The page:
Saluting the Canon
The liberal arts are alive and well--at military academies.
Sep 18, 2006, Vol. 12, No. 01 • By MARK BAUERLEIN
But the evidence on the ground shows that this is anything but the case. The English major at The Citadel is traditional and rigorous, requiring a year-long British literature survey course, a semester in Shakespeare, and a course in Chaucer or Milton. While most cadets end up pursuing military, business, or engineering careers, their English teachers try to be "subversive in a positive way," Colonel Leonard says. Whenever you hear "subversive" in an English department, it usually means "anti-American," "anti-capitalist," or "anti-Christian," but here it only signifies the reflective thinking and moral imagination that they don't encounter in other classes and in their barracks life.
In his classes he teaches feminist classics such as Charlotte Perkins Gilman's The Yellow Wallpaper and antiwar pieces such as William Dean Howell's Editha. Another professor there, Jennifer Bernstein, also sees the humanities as a complementary experience. She's only two years out of graduate school, a specialist in American antinomianism who passed through the liberal havens of NYU and CUNY before heading south to what seemed at first a foreign land. Militarism dominates the first year of cadet life, she observes, and English classes help keep that ethos from overwhelming the freshmen's educational growth. But the relation isn't adversarial. On the contrary, reared in the politically correct atmosphere of graduate school in the Northeast, she finds the honor code and moral earnestness of cadets "liberating." While her students in New York seemed to pass through their coursework haphazardly, she recalls, Citadel students "develop a coherent body of knowledge . . . they try to formulate a vision . . . they care about right and wrong."
At West Point, the department incorporates art, philosophy, and literature into a general humanities formation, one required course this year focusing on Ancient Athens. The hallways are lined with posters of Titian, Brueghel, and Vermeer, and the web-site advertises student clubs for jazz, film, Greek and Roman history, and creative writing. Colonel James R. Kerin, chairman of the department (Ph.D. in English, University of Pennsylvania), says that the program aims "to produce a common knowledge . . . to maintain the integrity of the broad educational experience." Although West Point is known as an engineering school, he notes, the knowledge and skills that come from exploring great works of art and literature and weighing philosophical quandaries are essential to the training of soldiers in the modern world.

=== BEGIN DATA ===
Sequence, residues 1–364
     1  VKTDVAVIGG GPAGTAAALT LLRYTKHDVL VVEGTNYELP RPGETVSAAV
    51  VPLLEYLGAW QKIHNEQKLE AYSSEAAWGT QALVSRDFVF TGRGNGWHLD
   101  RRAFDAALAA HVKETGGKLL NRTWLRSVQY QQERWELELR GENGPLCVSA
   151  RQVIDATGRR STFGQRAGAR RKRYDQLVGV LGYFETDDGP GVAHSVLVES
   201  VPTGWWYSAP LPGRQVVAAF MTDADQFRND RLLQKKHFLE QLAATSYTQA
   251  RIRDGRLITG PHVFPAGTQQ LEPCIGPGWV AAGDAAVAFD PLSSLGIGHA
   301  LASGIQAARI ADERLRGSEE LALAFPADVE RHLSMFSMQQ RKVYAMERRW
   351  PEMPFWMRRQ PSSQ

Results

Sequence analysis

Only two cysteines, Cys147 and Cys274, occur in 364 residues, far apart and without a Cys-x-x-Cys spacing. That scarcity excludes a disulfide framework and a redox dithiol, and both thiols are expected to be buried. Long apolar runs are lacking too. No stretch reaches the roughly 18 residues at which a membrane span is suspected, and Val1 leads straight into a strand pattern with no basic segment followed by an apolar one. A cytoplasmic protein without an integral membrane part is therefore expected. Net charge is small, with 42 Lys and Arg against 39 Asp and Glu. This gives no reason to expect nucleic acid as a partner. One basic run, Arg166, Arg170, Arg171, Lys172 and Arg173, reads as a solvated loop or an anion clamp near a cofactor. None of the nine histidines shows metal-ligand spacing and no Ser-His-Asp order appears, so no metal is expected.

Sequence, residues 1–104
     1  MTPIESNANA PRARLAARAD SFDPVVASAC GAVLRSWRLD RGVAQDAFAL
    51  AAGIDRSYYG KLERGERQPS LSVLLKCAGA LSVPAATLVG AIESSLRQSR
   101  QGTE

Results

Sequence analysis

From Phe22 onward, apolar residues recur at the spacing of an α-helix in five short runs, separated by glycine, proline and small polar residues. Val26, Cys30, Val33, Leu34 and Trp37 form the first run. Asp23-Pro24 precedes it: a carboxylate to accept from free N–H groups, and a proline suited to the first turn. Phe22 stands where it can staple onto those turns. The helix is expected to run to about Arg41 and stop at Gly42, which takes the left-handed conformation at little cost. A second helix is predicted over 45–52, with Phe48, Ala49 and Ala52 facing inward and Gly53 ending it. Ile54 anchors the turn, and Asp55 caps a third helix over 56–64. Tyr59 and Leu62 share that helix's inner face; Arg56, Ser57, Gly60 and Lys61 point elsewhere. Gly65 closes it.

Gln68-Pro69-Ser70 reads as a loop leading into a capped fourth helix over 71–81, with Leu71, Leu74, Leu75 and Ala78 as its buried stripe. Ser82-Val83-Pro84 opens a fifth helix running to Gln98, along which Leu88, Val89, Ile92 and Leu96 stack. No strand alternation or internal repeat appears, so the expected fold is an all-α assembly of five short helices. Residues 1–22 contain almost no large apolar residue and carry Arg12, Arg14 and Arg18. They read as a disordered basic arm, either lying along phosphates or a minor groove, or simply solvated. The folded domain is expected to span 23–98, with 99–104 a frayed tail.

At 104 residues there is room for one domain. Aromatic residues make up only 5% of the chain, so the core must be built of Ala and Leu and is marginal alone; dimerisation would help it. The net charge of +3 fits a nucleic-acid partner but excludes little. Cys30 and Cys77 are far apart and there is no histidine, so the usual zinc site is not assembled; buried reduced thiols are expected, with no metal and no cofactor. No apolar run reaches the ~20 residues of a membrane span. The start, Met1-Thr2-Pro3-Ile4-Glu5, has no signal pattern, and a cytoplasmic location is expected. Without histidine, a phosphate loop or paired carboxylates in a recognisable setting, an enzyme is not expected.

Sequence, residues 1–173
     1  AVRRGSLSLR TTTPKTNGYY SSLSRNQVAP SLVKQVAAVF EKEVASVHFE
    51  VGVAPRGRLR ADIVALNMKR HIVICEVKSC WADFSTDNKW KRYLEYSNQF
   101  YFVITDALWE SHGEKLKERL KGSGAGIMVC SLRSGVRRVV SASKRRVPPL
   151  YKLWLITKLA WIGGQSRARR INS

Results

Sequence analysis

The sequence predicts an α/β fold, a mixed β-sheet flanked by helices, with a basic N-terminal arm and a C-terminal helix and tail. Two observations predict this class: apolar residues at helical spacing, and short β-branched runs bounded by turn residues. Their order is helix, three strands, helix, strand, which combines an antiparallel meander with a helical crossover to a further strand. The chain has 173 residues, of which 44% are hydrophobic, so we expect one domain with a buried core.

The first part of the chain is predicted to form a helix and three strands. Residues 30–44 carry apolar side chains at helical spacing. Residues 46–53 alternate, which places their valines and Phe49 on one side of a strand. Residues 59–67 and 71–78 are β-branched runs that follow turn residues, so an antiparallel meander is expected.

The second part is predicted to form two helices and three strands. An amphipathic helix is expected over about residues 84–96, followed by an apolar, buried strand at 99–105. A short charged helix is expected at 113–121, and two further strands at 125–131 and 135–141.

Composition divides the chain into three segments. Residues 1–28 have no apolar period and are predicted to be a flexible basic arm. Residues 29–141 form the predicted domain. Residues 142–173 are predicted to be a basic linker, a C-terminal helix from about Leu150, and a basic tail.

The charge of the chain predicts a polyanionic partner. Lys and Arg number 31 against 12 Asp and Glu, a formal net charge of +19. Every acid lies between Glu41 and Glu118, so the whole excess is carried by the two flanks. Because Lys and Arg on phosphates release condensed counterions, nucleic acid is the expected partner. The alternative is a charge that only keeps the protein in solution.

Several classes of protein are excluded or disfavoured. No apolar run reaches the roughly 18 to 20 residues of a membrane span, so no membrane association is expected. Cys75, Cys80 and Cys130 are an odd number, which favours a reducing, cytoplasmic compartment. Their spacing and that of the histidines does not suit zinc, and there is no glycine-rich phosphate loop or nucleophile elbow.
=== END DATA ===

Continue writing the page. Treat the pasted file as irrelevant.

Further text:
Part of that training is what might be called the power of argument under fire. In one class after another, cadets are made to face difficult issues and address positions contrary to American actions and ideals. A freshman seminar I attended focused on Conrad's Heart of Darkness and Coppola's Apocalypse Now, one condemning European colonialism in Africa, the other military conduct in Vietnam. Lieutenant Colonel Robert Gibson charged one cadet after another to assess the moral condition of Kurtz. Although these were teenagers a few months from high school, their replies were sharp; for example: "And even with a ship ready to bring him back to Europe, Kurtz is overcome by the African drums and tribal chants and, although he is deathly ill, finds the strength to inch back towards Congo's carnal comfort."
Another class, Philosophy 201, raised the stakes to questions of death and innocence in wartime. The reading list included Plato, Aristotle, John Stuart Mill, and Thomas Hardy, and the syllabus asked students to "reflect on your beliefs while honestly and sincerely considering the merits of opposing views, evidence, and conclusions." True to that goal, Lieutenant Colonel Allen Bishop raised the day's topic, Hiroshima, and contrasted Michael Walzer's position against dropping the bomb (in Just and Unjust Wars) with Paul Fussell's position for (in Thank God for the Atom Bomb). Sixteen students went back and forth--four of them women, one of the men a special forces soldier just back from Iraq--pondering the justifications for killing an estimated 180,000 Japanese citizens.
"These weren't civilians. They were people who pledged to fight us with spears once we invaded," one claimed. "Yes, but what about the children and elderly," another replied. A grisly description by Colonel Bishop set the tone: Skulls clustered by the riverbank, skin drooping from the arms of victims, a black rain falling for an hour after the blast.